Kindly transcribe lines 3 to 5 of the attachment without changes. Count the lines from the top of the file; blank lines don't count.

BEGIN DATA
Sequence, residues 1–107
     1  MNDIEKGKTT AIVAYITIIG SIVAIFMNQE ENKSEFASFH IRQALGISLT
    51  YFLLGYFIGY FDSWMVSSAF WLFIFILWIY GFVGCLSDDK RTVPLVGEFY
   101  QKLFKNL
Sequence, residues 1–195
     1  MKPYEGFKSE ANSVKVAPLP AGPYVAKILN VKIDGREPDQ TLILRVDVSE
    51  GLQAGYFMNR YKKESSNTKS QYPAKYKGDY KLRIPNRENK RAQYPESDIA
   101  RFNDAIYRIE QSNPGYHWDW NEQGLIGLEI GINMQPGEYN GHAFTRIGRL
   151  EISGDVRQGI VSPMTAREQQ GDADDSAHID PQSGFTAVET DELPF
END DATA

    51  YFLLGYFIGY FDSWMVSSAF WLFIFILWIY GFVGCLSDDK RTVPLVGEFY
   101  QKLFKNL
Sequence, residues 1–195